Tuesday, 7 August 2012

Happy reviews for Ordinary Domestic!

Last week was a good week for me because I received two extremely favourable reviews for my e-book Ordinary Domestic: collected short stories

All the big emotions come to me when I think about how I felt when I clicked on the link to read the review in Northwords Now magazine (issue 21, Summer 2012). Trepidation, anxiety, fear of failure, fear of ridicule. No wonder my body no longer produces the stress hormone Cortisol any more. I've used it all up in fretting over the years!

So, it was a great relief to me, more than anything, to read Alison Napier's generous and considerate write-up on my fiction. Here's part of what she said -
'Ordinary Domestic is a collection of short stories and this book made me deeply happy.  Not because the stories were joyful and uplifting (though a few of them were) but because they made me think and feel, wince and shudder, even on one occasion, cry. Carol McKay’s skill is in the compassion she conveys for her characters regardless of their flaws or the chaos of their lives. ...
Her stories are unpredictable. They are naked and brave, rich and troubling. She writes about the awkward topics (disability, adoption, incest, sexual violence) with such deceptive ease that it is our own discomfort and prejudices that we bump up against, not those of the author’s.  Never assume you know what will ‘happen’.  Often little does.  But that little will be a beautifully judged, finely tuned, deeply perceptive piece of perfection and you will be glad that you lived those minutes of your life reading these words.'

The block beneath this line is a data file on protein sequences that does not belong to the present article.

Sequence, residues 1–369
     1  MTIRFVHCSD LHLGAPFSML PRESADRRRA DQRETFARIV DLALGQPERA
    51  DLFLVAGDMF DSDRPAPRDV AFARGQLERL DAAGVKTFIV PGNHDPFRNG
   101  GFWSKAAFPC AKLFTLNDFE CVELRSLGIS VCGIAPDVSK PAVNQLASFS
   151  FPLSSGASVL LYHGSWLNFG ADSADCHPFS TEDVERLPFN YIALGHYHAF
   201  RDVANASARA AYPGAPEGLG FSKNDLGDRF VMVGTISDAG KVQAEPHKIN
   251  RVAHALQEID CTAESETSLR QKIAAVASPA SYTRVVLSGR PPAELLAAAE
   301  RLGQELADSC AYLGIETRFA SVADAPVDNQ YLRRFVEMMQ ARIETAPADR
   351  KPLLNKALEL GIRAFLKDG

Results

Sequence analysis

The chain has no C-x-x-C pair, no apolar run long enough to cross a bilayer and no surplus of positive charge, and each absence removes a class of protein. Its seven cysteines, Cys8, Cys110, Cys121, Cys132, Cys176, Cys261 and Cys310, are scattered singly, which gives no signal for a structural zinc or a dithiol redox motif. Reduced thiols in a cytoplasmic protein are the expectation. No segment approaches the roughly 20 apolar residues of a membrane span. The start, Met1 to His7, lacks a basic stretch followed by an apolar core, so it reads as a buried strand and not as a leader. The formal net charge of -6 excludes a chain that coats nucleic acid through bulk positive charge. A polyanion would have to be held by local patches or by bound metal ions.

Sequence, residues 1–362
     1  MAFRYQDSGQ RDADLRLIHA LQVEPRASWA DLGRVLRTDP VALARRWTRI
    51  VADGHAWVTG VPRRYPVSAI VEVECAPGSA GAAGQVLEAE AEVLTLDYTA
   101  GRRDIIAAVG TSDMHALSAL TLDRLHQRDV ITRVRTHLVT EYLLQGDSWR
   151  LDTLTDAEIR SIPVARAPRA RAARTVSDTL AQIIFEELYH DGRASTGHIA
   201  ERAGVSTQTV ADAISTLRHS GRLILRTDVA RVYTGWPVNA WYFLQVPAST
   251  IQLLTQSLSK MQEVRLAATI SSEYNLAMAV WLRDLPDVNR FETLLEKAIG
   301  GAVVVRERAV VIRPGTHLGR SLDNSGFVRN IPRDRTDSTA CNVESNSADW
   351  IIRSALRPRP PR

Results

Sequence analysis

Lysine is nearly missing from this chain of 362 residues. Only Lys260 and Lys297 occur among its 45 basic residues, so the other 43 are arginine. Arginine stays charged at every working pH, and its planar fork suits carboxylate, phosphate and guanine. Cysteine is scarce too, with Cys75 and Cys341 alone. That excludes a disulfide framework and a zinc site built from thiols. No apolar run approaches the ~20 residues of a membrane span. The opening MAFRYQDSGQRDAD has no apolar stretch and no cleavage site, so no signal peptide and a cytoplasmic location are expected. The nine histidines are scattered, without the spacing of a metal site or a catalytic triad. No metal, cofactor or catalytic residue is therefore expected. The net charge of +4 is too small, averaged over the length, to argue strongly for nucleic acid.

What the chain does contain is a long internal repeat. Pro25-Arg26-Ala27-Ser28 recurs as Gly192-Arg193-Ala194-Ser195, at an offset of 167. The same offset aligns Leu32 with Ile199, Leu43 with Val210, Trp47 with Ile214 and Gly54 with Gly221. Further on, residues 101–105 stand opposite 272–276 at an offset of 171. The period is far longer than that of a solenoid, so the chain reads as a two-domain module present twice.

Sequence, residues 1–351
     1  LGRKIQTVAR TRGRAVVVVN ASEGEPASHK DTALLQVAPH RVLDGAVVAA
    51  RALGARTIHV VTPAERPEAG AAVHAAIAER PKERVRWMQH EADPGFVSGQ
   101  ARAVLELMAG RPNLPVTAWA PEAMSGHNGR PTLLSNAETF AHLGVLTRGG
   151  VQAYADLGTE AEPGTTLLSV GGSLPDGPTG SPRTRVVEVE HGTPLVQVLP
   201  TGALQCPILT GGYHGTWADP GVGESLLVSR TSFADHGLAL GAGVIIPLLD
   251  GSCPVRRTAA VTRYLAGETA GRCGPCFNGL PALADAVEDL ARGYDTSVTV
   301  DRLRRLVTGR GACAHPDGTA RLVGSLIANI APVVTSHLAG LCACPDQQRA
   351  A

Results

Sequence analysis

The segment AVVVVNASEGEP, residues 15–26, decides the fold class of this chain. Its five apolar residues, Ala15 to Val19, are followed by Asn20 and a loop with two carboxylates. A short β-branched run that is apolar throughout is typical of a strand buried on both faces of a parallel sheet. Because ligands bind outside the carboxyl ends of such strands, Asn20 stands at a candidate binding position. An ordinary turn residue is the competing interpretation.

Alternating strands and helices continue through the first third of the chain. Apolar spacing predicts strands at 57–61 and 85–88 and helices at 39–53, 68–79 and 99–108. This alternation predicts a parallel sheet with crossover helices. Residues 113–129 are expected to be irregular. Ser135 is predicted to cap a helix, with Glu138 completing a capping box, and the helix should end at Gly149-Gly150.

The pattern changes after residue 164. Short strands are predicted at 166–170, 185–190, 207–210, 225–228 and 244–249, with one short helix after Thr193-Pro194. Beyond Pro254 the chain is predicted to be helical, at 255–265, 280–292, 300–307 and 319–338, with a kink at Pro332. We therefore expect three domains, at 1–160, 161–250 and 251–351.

Could I ask for a kinder review than that? You can read Alison's full review in the Northwords Now website here

This review was followed only two days later by an equally generous review on the Amazon site by David Manderson, a writer with a gift for creating flawed characters who are sublimely human. Here's what David said about Ordinary Domestic -

'The title, like everything else in this collection, is dangerously deceptive and deeply ironic. 'Ordinary' and 'domestic' these stories may be, but they are laced with dark emotions and deep, hidden desires. They also never fail to surprise.
The author talks in the voices of the marginalized, the robbed, beaten and raped, the dispossessed. That she finds humanity not just in them but also in their persecutors is a measure of the power of her quiet, lethal understatement.'

Could I ask for a better review? What pleases me most about this one is that David has expressed exactly what it is I try my best to do in my fiction.  

David Manderson is the author of Lost Bodies - a novel well worth reading.


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